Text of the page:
Don't look now, folks, but there's an election coming up soon.
Nothing much at stake here, just the fate of a once vibrant state so awash in red ink and incompetent political leadership that it threatens to become a West Coast version of Mississippi.
And who will lead us out of the darkness?
Jerry Brown and Meg Whitman tell us they can do the job, but neither inspire a lot of confidence. There are no Kennedys or Reagans in this race.
What to make of Jerry Brown? He was a post-Watergate breath of fresh air when he became governor in 1975, a mixture of fiscal conservatism and social liberalism but who at times was so ethereal he was difficult to comprehend.
For all his high mindedness, he is at heart a career politician. Governor for two terms, mayor of Oakland, chairman of the state Democratic Party, state attorney general. He ran for president three times and the U.S. Senate once.
Brown was a political minimalist, who governed in what he called an "era of limits."
He was at the helm when Prop. 13 passed, a measure which has dominated the California economic landscape since 1978 for better or worse. He opposed it but couldn't prevent its passage.
Now, at age 70, he wants to be governor again. Whatever else he brings to the table, I remain astounded that the Democratic Party, with a chance to seize the statehouse from a badly flawed Republican, has pinned its hopes on a retread.
Is the salvation of our future to be found in our past? Or is it in an unknown who was so out of touch politically that she didn't vote for more than 20 years.
Republican Meg Whitman is throwing around money like the billionaire that she is, nearly $100 million of her own cash at last report, in order to get elected.
Forget that this former eBay CEO is by herself making this the most expensive gubernatorial race in history. Forget that playing princess to Brown's pauper may be a bad political decision in an economically depressed state with a soaring unemployment rate. Forget that she has hired 56 different political consulting firms.
What Whitman is buying here is exposure, lots and lots of it. She has so saturated the airwaves, it's impossible to watch TV or listen to the radio without exposure to a Whitman ad.
Does it work? Sure, people know her although I'm beginning to wonder if they aren't tuning her out, like one of those irritating Quizno commercials.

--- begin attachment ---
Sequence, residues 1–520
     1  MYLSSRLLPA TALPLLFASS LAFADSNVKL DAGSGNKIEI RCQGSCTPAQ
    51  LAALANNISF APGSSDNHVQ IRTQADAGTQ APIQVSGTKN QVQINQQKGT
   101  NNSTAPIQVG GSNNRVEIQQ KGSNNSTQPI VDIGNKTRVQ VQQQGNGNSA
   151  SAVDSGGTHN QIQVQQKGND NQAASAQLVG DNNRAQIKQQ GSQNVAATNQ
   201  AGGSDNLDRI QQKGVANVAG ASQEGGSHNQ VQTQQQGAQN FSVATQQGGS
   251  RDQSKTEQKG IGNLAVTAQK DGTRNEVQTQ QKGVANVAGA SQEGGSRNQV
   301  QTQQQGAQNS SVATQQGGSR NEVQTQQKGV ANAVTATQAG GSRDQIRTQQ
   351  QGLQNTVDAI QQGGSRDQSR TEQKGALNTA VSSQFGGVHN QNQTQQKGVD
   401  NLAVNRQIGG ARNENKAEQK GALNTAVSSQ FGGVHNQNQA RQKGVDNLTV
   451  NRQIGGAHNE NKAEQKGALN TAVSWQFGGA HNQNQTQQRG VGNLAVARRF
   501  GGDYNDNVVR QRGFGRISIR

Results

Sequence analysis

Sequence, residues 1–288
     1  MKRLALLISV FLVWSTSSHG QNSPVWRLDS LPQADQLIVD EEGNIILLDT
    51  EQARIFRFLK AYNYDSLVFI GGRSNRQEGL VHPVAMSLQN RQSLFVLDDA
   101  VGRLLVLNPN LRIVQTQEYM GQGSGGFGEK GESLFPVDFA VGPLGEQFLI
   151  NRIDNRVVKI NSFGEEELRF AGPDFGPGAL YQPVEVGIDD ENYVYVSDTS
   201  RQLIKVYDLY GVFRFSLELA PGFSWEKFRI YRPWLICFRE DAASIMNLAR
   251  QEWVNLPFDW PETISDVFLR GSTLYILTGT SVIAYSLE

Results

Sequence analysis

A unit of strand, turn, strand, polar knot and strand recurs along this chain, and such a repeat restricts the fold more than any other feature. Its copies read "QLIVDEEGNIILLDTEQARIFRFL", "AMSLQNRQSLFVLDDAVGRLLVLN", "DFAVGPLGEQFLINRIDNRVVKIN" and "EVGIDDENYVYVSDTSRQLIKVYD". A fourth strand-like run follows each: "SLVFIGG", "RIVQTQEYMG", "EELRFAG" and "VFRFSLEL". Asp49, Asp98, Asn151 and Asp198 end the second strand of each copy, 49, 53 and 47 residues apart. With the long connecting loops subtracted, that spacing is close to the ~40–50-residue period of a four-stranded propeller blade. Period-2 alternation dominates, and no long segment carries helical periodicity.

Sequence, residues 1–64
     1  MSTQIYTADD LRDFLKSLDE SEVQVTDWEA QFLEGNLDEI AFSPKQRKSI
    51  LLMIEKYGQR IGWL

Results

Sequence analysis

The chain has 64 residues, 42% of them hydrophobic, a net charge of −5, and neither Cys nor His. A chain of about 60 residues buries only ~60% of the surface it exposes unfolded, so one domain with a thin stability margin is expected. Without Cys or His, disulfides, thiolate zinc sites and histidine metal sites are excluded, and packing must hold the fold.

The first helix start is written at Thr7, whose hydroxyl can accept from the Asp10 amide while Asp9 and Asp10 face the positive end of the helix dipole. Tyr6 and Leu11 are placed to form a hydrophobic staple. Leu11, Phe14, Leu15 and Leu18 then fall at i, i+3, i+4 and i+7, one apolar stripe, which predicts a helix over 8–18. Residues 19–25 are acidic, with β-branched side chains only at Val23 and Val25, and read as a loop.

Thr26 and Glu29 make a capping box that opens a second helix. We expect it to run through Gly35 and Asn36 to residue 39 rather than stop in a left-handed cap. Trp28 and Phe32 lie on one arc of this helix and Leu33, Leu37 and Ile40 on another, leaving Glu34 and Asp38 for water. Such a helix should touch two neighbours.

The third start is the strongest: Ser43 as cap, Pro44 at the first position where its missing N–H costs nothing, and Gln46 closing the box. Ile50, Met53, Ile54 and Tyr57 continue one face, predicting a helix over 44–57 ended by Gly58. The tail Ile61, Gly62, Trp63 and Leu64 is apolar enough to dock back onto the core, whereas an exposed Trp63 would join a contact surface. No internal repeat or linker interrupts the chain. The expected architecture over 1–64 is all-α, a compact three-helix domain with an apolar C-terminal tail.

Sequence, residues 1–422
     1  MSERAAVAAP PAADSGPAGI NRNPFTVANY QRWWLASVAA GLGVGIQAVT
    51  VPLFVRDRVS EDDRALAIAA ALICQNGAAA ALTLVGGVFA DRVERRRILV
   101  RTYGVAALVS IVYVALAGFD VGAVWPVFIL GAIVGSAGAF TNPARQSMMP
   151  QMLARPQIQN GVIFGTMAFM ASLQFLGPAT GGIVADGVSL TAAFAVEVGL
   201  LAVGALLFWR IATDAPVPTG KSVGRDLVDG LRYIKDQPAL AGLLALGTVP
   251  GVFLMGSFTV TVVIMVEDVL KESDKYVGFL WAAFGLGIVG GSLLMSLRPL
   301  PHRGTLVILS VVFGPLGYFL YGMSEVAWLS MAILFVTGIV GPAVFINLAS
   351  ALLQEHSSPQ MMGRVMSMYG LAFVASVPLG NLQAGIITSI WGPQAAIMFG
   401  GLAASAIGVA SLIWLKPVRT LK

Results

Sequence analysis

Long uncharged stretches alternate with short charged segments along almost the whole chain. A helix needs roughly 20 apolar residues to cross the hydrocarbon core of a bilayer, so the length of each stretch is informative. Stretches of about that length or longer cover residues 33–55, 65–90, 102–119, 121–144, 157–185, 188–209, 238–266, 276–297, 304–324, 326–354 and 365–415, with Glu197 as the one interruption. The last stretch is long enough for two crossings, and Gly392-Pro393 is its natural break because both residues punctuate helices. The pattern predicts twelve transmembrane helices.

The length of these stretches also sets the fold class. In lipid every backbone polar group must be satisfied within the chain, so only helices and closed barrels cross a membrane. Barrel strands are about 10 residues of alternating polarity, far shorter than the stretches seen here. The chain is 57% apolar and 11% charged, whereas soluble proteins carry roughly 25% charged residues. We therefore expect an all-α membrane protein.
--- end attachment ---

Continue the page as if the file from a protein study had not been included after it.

If you are still watching those ads, you know Meg is in attack mode. But her meat-cleaver approach does little to define her or her platform. And in her zeal to trash an opponent, the facts often get left behind.
Whitman's campaign ad, "Jerry Brown: A Legacy of Failure," is a case in point. According to FactCheck.Org. a project of the Annenberg Public Policy Center:
The ad claims that "crime soared" while Brown was mayor of Oakland. That's false. The total number of crimes actually went down by more than 13 percent.
Also false is the ad's claim that Brown "damaged the school system so badly the state had to take it over." As mayor, Brown had almost no control over the school district, which was run instead by an elected school board.
The ad claims Brown worked to "send California jobs to China," but that's unproven. The claim rests on an 18-year-old newspaper story that Brown strongly denied.
Some of the ad's other claims lack context. For example, it's true as claimed that California had unemployment of 11 percent when Brown finished his time as the state's governor. But the ad fails to mention that the national unemployment rate was 10.8 percent at the time.
And what about Brown? Except for a few ads paid for by union interests, he remains largely silent so far, and it isn't a reflection of his Zen persona.
The fact is he doesn't have the money to maintain an indefinite media campaign. Instead, he'll wait until after Labor Day.
In the meantime, the Brown camp has started a website called Meg-a-Myths. Brown spokesman Sterling Clifford says it exists because "Whitman is either incapable or unwilling to tell the truth about Jerry Brown, California or herself. If she won't, we will."
Let us hope that we can dispense with the trash talking and hear real solutions for this state's massive problems. Let's hope that one of these candidates will rise to the occasion.